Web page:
|Publication number||US5638176 A|
|Application number||US 08/670,046|
|Publication date||Jun 10, 1997|
|Filing date||Jun 25, 1996|
|Priority date||Jun 25, 1996|
|Publication number||08670046, 670046, US 5638176 A, US 5638176A, US-A-5638176, US5638176 A, US5638176A|
|Inventors||Philip C. D. Hobbs, Theodore G. Van Kessel|
|Original Assignee||International Business Machines Corporation|
|Export Citation||BiBTeX, EndNote, RefMan|
|Patent Citations (4), Referenced by (92), Classifications (13), Legal Events (9)|
|External Links: USPTO, USPTO Assignment, Espacenet|
1. Field of the Invention
The present invention generally relates to eye tracking systems for a variety of systems, including human computer interfaces, and more particularly to an inexpensive interferometric eye tracking system.
2. Background Description
Human-computer interactions pose some of the most difficult challenges in the design of personal computer systems. The runaway success of the TrackPoint II™ pointing stick in differentiating and promoting IBM's ThinkPad™ notebook computers is well known. The success of that device was due to its novel design. Specifically, the pointing device is placed right in the home row of the keyboard so that the user needs not take his or her eyes off the screen to use the pointer. Although not as precise as a mouse or trackball for graphics applications such as drawing, the pointing stick offers effortless usability in text-based applications such as word processing, spread sheets, and databases (which is where most users spend most of their time), and in coarse-resolution graphical tasks, such as navigating the graphic user interface (GUI) shell. Particularly for mobile use, this is a very favorable tradeoff.
The success of GUIs and pointing devices in making computers easier to use has been universally acclaimed, almost to the point of obscuring the residual annoyances and inefficiencies in such an interface. For example, although GUI windows have a carefully defined Z-order (i.e., which one is logically on top of which), it is not currently possible to look around the upper window to see what is below it, not to lean forward to take a closer look (and have the magnification change automatically). Both of these actions are very important in making an on-screen "object" more like a physical object. At least as annoying as these is the shift of attention involved in moving the mouse cursor around the screen to the point the user is looking at. This operation distracts the user from his or her task, and so impeded his or her work, especially since it is repeated dozens or even hundreds of times a day. It would be tremendously valuable to have an accurate, robust eye tracking system which could quickly put the mouse cursor within a few pixels of the gaze point.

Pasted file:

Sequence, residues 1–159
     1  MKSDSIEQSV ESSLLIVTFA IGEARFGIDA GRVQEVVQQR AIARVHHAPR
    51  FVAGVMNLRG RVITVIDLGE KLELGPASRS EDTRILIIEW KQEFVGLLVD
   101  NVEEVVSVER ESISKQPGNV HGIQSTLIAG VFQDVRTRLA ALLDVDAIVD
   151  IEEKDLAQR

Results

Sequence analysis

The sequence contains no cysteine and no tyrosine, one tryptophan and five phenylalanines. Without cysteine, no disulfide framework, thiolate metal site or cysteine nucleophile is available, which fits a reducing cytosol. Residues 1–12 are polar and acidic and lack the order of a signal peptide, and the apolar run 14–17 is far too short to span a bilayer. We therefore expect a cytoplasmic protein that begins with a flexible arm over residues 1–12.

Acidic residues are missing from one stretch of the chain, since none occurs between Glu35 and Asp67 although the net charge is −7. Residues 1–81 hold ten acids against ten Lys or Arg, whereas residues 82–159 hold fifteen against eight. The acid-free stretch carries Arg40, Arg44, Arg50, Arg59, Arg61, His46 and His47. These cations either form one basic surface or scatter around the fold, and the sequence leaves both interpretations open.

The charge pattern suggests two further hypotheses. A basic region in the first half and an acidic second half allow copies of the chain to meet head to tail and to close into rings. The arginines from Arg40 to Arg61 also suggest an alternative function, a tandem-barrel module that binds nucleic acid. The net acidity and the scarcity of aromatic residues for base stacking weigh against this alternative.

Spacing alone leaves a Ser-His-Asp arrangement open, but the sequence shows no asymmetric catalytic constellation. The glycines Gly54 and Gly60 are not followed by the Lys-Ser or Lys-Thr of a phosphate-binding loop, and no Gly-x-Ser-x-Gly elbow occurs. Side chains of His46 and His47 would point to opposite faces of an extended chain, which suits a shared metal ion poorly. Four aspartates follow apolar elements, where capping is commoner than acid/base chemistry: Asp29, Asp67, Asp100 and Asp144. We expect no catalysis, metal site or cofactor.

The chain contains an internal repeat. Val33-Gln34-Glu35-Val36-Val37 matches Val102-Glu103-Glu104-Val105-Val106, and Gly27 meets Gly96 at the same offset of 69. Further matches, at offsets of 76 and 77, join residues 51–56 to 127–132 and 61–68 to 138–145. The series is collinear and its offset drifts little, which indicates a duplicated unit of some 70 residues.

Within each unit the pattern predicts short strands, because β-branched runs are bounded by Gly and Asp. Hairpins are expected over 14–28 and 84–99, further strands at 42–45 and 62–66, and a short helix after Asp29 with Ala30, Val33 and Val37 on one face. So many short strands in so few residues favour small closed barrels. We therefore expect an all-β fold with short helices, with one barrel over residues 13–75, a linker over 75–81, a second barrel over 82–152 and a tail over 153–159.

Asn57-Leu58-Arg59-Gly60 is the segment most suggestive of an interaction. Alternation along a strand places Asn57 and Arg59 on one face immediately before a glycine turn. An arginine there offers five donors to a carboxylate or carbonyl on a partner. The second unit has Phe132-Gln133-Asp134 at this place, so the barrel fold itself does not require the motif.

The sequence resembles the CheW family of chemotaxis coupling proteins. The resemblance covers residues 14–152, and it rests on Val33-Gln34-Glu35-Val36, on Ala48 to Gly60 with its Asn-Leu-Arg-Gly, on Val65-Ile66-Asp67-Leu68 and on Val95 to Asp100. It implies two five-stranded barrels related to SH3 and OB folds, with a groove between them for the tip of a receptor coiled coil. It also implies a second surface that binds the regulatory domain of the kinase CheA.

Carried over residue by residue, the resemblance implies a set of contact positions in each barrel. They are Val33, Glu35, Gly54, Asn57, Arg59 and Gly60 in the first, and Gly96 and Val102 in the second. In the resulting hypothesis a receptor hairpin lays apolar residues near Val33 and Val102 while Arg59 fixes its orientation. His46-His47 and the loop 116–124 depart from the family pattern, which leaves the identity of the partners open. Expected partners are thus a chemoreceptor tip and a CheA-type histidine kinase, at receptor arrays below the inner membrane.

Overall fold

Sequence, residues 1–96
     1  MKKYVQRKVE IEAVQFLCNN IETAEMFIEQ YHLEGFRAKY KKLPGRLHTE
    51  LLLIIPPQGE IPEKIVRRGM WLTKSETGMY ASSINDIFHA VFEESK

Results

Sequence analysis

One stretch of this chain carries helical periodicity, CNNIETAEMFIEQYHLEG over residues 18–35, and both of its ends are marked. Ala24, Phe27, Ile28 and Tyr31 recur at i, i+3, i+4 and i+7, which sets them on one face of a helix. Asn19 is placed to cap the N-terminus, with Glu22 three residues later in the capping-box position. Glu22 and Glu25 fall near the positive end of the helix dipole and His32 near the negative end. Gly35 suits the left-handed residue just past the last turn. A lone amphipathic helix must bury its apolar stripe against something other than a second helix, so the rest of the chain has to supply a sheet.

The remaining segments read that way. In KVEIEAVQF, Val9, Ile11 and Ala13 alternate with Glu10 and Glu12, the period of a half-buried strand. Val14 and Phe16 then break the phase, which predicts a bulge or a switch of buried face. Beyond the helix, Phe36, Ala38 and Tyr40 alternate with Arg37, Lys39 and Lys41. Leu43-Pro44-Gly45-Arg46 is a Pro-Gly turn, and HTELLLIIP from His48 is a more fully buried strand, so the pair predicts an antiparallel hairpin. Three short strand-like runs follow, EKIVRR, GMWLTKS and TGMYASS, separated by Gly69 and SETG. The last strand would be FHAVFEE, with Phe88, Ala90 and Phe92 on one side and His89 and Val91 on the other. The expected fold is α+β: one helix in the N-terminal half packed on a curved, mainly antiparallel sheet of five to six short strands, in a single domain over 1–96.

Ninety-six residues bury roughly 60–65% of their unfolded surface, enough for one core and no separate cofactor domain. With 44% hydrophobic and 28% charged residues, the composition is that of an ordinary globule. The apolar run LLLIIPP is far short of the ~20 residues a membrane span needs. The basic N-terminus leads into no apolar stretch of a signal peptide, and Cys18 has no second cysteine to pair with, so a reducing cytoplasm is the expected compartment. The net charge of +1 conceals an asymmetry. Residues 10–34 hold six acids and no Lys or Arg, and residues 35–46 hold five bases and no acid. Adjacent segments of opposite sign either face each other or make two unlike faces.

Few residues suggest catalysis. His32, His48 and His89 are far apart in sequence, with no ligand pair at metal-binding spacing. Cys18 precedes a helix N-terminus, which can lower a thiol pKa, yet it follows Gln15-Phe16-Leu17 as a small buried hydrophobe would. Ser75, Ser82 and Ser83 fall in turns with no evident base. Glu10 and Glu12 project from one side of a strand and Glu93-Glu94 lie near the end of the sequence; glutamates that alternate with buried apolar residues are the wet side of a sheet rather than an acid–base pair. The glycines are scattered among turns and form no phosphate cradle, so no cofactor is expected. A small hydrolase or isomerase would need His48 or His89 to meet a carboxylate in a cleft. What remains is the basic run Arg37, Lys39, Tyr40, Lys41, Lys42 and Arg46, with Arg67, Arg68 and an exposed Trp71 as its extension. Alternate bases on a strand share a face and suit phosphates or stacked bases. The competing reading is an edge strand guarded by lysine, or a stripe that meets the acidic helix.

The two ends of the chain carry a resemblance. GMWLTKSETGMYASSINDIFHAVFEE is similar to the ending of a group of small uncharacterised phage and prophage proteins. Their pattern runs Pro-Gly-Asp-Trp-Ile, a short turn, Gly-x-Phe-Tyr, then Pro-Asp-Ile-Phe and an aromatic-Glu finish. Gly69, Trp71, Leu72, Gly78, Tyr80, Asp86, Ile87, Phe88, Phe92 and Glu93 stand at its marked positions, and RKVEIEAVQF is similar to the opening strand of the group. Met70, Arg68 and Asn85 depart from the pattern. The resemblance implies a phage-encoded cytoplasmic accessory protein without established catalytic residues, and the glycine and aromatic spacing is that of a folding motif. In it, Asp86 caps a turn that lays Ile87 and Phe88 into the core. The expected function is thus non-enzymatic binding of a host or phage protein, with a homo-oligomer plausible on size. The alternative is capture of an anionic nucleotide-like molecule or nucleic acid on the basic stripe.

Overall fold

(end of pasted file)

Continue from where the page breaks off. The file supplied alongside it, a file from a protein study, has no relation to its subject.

Eye tracking systems have been in low-level use for more than twenty years, but have never caught on, despite considerable amounts of work by the military and others. This discouraging history has been largely due to the non-ideal characteristics of existing eye tracking systems. Current generation eye trackers work by sensing the position of the glint from the cornea, due to a small area light source, and fall in two major groups; one using head gear, and the other, video equipment.
Eye trackers based on head gear generally use a light source, such as a light emitting diode (LED), and a position-sensing detector such as a lateral-effect photo diode to measure the direction of the corneal glint with respect to the head gear. Other methods, such as triangulation based on magnetic direction sensors, are needed to obtain the orientation and position of the head gear with respect to the computer screen, in order to determine the gaze point. Systems used in physiological research usually clamp the subject's head into a table-mounted fixture. Even in the computer game field, the market for such a system would probably be rather limited.
The other class of systems, those using cameras rather than headgear, typically use a charge coupled device (CCD) camera/frame grabber combination to acquire an image of the subject's head, with the corneal glint showing. This sort of system overcomes the inconvenience and discomfort of the headgear-based systems, but at a price in cost and accuracy. Extensive image processing is required to locate the subject's face and nose in the camera's field of view, following which further processing can recover the position of the corneal glint with respect to the nose, and hence the direction of gaze. This procedure is complex, since the motion of the corneal glint is very small (a few millimeters) and the motion of the subject's head is many times larger, so that the precision obtained with cameras of reasonable cost is quite low, in spite of the expensive equipment required. In addition, such systems have great difficulty with people having hooded eyes or wearing eye glasses.
It is therefore an object of the present invention to provide an inexpensive eye tracking system which requires no head gear and yet provides an accurate and precision tracking system.
It is another object of the invention to provide an eye tracking system which is simple and can be used in a variety of applications including an improved human computer interface.
According to the invention, there is provided an eye tracking system that uses the interference fringes between the corneal glint and the "red eye" retinal reflection to obtain an angularly resolved, background-immune eye point signal for use as for example a pointing device for personal computers. Tunable (eye safe) diode laser spectroscopy is used to measure the period and amplitude of the Fabry-Perot fringes caused by the interference between the corneal glint and the "red" reflection from the retina.
The foregoing and other objects, aspects and advantages will be better understood from the following detailed description of a preferred embodiment of the invention with reference to the drawings, in which:
FIG. 1 is a block diagram of a test set up to measure the dark field interference;
FIG. 2 is a graph showing the interference pattern of the eye;
FIG. 3 is a graph showing the interference pattern of a 20 mm lens;
FIG. 4 is a graph showing the interference pattern of white shirt fabric;
FIG. 5 is a graph showing the interference pattern of white paper;
FIG. 6 is a graph showing the interference pattern of a subject's face;
FIG. 7 is a block diagram of a preferred embodiment of the eye tracking apparatus according to the invention;
FIG. 7A illustrates the far-field line segments formed by the beam former in the apparatus shown in FIG. 7; and
FIG. 8 is a block diagram of the signal processing circuitry of the apparatus shown in FIG. 7.